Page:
Product Development

Developing new products can be one of the riskiest, yet rewarding ventures a company takes. That is why it is critical that products should be developed using a structured product development process. RFA has developed its own New Product Development process which is aligned with the internationally recognized Stage-Gate™ Process and based on our 50 years of product development experience.

This is a cross-functional business process that manages risk & increases the probability of success of your product launch!

Select a Step in the Process to Learn More

  1. Program Scoping
    Gate 1
  2. Build Business Case
    Gate 2
    • Test Beds
    • Prototype Builds
    • In-House Tests
    Development
    Gate 3
    • Customer Tests
    Testing & Validation
    Gate 4
  3. Product Launch
  1. Program Scoping
    Gate 1

    Stage 1: Program Scoping

    Major Goals

    The purpose of Stage 1 is to assess and define the framework of the program. This exercise is a low resource commitment activity which can be completed in a short amount of time. The primary goal is to assess if the program has value and is worth continuing.

    Gate 1 Deliverables

    The output of Gate 1 is the identification and assignment of personnel to develop a full business case. The next stage requires significant effort and resources, but will become the foundation for the new product program.

    UPON GATE APPROVAL: Advance the program with a cross functional team to develop a detailed business case.

  2. Build Business Case
    Gate 2

    Stage 2: Building the Business Case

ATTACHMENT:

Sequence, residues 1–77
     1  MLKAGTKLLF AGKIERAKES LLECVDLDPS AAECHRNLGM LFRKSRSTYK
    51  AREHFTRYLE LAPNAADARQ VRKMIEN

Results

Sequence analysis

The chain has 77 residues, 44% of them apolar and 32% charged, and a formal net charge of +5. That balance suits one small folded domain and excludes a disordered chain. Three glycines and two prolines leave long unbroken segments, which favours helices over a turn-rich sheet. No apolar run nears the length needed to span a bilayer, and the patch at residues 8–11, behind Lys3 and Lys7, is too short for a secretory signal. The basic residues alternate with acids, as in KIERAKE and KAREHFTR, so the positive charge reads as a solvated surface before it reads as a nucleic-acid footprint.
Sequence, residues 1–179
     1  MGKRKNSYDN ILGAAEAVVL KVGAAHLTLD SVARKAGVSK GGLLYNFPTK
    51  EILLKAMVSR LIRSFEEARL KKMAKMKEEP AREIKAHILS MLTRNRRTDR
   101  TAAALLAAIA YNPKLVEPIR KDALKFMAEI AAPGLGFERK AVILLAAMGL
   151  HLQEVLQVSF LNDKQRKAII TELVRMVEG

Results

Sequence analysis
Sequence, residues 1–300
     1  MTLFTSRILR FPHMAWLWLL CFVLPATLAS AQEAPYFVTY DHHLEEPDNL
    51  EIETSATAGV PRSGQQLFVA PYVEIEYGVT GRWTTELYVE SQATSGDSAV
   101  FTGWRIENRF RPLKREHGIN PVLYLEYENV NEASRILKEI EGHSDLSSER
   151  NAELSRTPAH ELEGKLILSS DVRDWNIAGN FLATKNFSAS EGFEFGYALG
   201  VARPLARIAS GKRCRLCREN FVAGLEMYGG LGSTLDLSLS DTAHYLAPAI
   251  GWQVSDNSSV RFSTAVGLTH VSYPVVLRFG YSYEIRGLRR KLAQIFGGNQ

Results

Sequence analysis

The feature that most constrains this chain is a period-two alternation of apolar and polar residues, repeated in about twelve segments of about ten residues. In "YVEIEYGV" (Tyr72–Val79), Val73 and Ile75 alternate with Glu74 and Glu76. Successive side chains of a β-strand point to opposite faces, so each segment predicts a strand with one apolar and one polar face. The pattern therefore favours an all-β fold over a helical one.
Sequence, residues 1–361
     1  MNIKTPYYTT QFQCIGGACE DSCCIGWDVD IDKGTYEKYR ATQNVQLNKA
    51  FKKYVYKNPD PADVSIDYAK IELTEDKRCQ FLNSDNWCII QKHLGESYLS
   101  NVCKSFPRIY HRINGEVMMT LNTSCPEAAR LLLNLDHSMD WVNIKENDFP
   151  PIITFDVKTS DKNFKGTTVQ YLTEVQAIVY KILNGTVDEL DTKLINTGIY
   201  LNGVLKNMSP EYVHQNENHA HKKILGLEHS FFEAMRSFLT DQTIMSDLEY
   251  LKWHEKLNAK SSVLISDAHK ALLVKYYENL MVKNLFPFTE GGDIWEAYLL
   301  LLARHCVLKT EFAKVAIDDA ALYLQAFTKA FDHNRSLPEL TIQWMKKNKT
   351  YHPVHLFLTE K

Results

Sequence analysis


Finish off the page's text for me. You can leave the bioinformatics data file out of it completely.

Major Goals

    Stage 2 outlines the business case, and the corresponding gate review is the most important one of the program. Project definition, goals and timelines are established, and upon approval the program advances to development. This gate decision point is the most important in the program.  The program will be continued, canceled, or possibly even recycled back to Stage 1 for redefinition.

    Gate 2 Deliverables

    The output of Gate 2 is a clear project scope and with detailed definition for the program.

    UPON GATE APPROVAL: Develop the product and processes.  Build and test prototypes as planned.

  3. Development
    Gate 3

    Stage 3: Development

    Major Goals

    Stage 3 is focused on the actual development of the product and processes to support the production and sales of the product. The Development stage is execution of the engineering and design portion of the business plan developed in Stage 2. Typically, this is a resource intensive activity that can require a significant amount of time.  Therefore, it requires intermediate check points throughout.

    Gate 3 Deliverables

    The output of Stage 3 is a complete product design that is released and ready for production. Prototype builds have occurred, and controlled testing of the product(s) is completed.

    UPON GATE APPROVAL: Order production tooling and long lead items for Pilot and Full Production.

    Advance to Pilot Production & customer testing

  4. Testing & Validation
    Gate 4

    Stage 4: Testing & Validation

    Major Goals

    Stage 4 is focused on the final validation of the product with select end users and determines the viability of the product. Negative results can result in minor product design changes during this stage, however if needed changes are major, the project could be recycled back to the development stage.

    Gate 4 Deliverables

    Testing and validation with the end user is complete and documented.  Design issues have been resolved, revalidated, and approved.  The product is ready for the public market.

    UPON GATE APPROVAL: Full production of the product begins, and the product is introduced to the intended market.

  5. Product Launch

    Stage 5: Product Launch

    Major Goals

    Stage 5 involves implementation of the Operations and Marketing plans.

    Post Launch Review

    It is highly recommended that a post launch review is conducted once information is available. At this time, the client is able to assess the product and program success against the original business plan. This is also a good time to document any lessons learned for use in future projects.


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